“It’s definitely a site that needs to walk a fine line between recognizing that people come to be noticed, to be shown new opportunities for jobs,” Raina says. “But at the same time, there is a deep, underlying trust in the way our company will handle the data we have about them: that only the right people see it, that they have control over who it’s exposed to, and that they have the ability to change and correct it. That puts us in a unique position from a lot of other companies that may be more transactional in nature with their customers, enough to have this ongoing and almost daily relationship with how people decide to present themselves to the world for economic opportunity.”
But perhaps the most important component of LinkedIn’s privacy strategy is establishing and nurturing a corporate culture that sees privacy as a moral issue and not just a technical question of compliance. Raina believes this is to be achievable through a three-tiered strategy for the business’ daily operation.
“The first thing in that would be the value system of the company,” Raina says. “That should be the guiding principle. The second piece is actually plotting out your program and its goals. The last piece is cross-organizational reach outs—working across different divisions of your organization to make sure that vision’s actually getting executed into the products and the day-to-day of the company.”
To that last point, “there’s a lot of collaboration that occurs between the engineering teams, the legal teams, the privacy teams, and the security teams.” This is “to make sure that the products we’re developing have been secured from a security and a privacy standpoint, in addition to legal; to make sure they meet the needs of our members, and that we’re really focused on doing the right thing. One of our core values that drives our decision-making around privacy is ‘Members First.’ Does it help to maintain their trust? Does this give them confidence in sharing even more information about themselves on LinkedIn so that they can create greater economic opportunity? All of those factors come into play when we’re thinking about products.”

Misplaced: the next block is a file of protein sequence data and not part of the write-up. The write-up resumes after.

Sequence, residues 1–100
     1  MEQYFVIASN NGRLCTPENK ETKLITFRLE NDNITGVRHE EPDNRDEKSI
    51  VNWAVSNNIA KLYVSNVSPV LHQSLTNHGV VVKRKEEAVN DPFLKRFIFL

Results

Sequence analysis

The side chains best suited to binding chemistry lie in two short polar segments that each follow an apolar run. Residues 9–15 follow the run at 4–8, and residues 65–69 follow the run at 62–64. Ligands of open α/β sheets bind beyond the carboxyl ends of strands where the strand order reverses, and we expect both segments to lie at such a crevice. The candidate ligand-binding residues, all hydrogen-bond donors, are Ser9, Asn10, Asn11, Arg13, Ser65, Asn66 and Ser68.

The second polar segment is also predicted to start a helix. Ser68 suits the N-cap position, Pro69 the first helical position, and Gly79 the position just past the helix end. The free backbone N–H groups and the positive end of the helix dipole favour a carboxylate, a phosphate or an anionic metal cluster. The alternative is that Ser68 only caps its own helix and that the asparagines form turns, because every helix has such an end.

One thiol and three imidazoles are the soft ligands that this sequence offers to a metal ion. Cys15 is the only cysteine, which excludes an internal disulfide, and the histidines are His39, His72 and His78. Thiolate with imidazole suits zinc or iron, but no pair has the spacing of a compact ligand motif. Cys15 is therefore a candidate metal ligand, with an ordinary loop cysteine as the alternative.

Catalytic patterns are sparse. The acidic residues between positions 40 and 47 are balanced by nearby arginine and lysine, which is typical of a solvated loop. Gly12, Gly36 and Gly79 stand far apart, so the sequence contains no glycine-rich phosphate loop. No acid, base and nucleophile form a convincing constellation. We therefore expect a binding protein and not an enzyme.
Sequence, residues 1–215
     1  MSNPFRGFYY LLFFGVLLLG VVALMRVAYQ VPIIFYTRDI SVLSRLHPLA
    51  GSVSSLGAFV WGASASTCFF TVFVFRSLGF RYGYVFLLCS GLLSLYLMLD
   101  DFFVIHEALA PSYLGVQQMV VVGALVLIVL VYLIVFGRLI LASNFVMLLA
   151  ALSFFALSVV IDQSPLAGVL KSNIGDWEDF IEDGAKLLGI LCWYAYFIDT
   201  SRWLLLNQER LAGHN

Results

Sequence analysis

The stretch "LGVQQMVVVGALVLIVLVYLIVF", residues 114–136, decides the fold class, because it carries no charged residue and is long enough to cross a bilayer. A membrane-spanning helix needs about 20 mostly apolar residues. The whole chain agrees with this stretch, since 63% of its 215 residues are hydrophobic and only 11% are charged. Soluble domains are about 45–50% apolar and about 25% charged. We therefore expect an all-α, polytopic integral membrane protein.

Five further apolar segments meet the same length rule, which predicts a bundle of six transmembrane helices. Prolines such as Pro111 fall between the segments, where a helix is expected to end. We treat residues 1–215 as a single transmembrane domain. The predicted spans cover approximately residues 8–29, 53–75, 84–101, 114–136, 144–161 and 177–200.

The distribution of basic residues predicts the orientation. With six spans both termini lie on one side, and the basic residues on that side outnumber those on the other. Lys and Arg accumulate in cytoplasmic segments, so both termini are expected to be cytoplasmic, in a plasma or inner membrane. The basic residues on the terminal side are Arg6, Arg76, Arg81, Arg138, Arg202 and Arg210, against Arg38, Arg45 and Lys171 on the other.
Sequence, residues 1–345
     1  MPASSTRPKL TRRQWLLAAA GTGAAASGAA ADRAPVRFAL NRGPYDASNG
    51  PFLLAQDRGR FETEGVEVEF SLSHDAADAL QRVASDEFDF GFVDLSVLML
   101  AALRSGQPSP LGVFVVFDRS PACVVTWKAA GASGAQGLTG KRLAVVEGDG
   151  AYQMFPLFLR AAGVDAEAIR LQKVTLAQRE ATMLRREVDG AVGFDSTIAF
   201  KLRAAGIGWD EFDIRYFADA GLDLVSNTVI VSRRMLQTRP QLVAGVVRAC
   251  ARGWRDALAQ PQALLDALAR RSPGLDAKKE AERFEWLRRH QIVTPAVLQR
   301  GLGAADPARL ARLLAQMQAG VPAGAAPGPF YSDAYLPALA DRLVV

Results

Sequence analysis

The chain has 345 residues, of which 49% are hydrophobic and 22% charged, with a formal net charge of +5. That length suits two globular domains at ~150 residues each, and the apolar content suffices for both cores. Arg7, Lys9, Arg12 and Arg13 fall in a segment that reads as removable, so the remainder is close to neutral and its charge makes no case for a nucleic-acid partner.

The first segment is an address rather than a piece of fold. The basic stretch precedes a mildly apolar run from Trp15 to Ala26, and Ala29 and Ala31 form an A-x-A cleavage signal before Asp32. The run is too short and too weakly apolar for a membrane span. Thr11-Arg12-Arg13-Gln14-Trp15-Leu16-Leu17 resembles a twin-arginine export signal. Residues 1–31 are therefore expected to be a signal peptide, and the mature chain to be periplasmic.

LinkedIn also empowers employees to make decisions about what data will be collected, how a piece of advertising will be handled, and how easy it is to “opt out” based on what it believes to be in the best interest of
“You can’t expect everyone to know the law, but you can expect people to make decisions based on what makes me feel uncomfortable,” Raina says. “It helps your employees understand that as digital citizens, what would [they] feel is the right thing to do? That [gives] people a kind of compass when the legal team isn’t around.”
It’s crucial to communicate to employees that, even if they never touch data in their day-to-day work, everyone today is impacted by privacy practices. “We educate our employees so that they can protect themselves,” Raina says, “and also so that, when an issue comes across their desks, they wonder, ‘How would I like my data handled?’”
At one point in our conversation, Kalinda Raina points out that long before the Internet came around, humankind has always had a complicated relationship with technology in regard to how it affects our privacy.
“It’s funny,” she says, “because if you look back in history, people have always been worried about privacy when new technologies arise. Back in the 1800s as photographic technology improved, people became nervous that their picture could be taken in public without their permission. Technology has always presented some level of discomfort for us as human beings because we begin to have to think about ourselves in a different way—our relationship with that technology and what it means to us. We don’t need to be afraid of technology, but we do need to find ways to adapt without losing our core values.”